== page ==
1. Prerequisite conditions
Have you been married for over a year?
You will be unable to begin divorce proceedings until you have been married for over a year.
2. The Divorce Application
Has your marriage broken down irretrievably?
Under the old regime, couples wanting to divorce had to rely on one or more “facts” to evidence that their marriage had irretrievably broken down. Three of these facts were fault based (adultery, unreasonable behaviour and desertion) and two facts related to periods of separation – namely two years if both parties consented, and five years without consent.
However, it is now no longer necessary to assign fault. Consequently, this has helped couples avoid the acrimony that sometimes previously developed when one spouse had to ‘blame’ the other for the relationship breakdown. This has also enabled couples to press ahead with divorce proceedings, rather than waiting for two years to pass so that they could avoid relying on a fault based fact.
Although many have welcomed the change, it has been said that some parties feel hard done by the fact that they can no longer blame their partner for their divorce. In some ways, the old system provided a spouse with the satisfaction of exposing their spouse’s indecencies to the Court.
Does your spouse agree that your marriage has broken down irretrievably?
If yes, you can make a joint application, together with your spouse, to the Court for divorce. If not, you can make a sole application for divorce.
You can apply for a divorce online or by post, with the applicable Court application fee being £593.
3. Responding to the Divorce Application
Once the divorce application has been issued, if you have jointly applied to the Court, you will both need to submit an “acknowledgment receipt” to the Court.
If you made a sole divorce application, your spouse will have to complete an “acknowledgement of service” within 14 days confirming that either (i) they agree with the divorce or (ii) they intend to dispute the divorce. Before responding to an application, it would be sensible to seek legal advice.
Disputing a divorce application
If your spouse disputes the divorce, they will need to complete an “answer form” confirming their reasoning. Please note that your spouse must have a genuine legal reason such as (i) the Court does not have the jurisdiction to entertain the proceedings; (ii) the marriage is not valid or (iii) the marriage has already legally ended. They cannot object to the divorce simply because they do not want it or wish to delay the process. If your spouse notifies the Court that they wish to dispute the divorce but do not complete the “answer form”, you will be able to proceed with your divorce application.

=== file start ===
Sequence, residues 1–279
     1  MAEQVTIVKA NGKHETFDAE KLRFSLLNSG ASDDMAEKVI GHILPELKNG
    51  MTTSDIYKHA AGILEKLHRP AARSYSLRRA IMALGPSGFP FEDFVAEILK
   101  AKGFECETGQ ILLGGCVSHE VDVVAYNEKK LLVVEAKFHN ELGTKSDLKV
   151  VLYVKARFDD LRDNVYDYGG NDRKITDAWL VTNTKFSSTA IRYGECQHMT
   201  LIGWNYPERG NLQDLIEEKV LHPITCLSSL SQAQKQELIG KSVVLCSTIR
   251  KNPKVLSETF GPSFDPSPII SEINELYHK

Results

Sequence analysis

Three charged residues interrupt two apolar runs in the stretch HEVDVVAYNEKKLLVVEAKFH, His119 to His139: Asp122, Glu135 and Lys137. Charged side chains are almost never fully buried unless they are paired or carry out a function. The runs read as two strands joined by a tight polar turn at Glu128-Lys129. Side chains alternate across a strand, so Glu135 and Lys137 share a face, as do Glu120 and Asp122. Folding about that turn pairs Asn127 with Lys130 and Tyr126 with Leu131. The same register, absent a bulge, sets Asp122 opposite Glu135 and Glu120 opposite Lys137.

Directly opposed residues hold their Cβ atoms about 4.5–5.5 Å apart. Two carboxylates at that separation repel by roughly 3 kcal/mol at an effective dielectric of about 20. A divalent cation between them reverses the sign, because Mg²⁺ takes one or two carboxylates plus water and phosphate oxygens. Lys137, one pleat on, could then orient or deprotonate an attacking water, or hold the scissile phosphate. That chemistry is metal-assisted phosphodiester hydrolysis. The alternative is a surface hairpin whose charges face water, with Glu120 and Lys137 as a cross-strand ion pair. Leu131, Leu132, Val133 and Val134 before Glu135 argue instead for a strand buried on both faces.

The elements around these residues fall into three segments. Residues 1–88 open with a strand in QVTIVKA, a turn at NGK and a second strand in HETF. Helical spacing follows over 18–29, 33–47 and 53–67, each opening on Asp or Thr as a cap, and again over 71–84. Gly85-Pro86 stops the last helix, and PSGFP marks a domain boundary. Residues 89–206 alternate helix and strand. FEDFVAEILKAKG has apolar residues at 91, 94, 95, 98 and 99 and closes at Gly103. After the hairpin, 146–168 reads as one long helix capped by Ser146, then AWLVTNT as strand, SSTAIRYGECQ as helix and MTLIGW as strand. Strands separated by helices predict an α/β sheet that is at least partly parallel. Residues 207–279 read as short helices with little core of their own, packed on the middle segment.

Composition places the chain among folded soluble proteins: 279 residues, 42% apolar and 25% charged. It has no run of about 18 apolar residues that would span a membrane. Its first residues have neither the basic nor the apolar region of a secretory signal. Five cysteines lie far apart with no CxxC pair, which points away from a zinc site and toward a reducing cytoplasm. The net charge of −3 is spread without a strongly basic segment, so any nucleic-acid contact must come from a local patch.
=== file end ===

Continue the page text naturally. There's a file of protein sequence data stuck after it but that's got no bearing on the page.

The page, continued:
4. Conditional Order
You must wait 20 weeks after your divorce application has been issued before applying for a conditional order. A conditional order is a document that confirms that the Court does not see any reason why you cannot divorce. If the judge approves your application, you will be sent a certificate, which will tell you the time and date on which you will be granted a conditional order. This is the halfway stage of your divorce application.
This 20-week cooling off period is intended to give parties time to enter into financial discussions and seek to reach a settlement on the same.
Please note that whilst the divorce application is separate and distinct to matters concerning children and matrimonial finance, a judge will be unable to approve an Order regarding your matrimonial finances until you have your conditional order.
5. Final Order
Following a conditional order, you have to wait 43 days (i.e. 6 weeks and 1 day) before you can apply for a final order. The final order legally ends your marriage and is the point at which you will go from being “married” to being “divorced”.
DISCLAIMER: This publication is not intended to provide a comprehensive statement of the law and does not constitute legal advice and should not be considered as such. It is intended to highlight some issues current at the date of its preparation. Specific advice should always be taken in order to take account of individual circumstances and no person reading this article is regarded as a client of this firm in respect of any of its contents.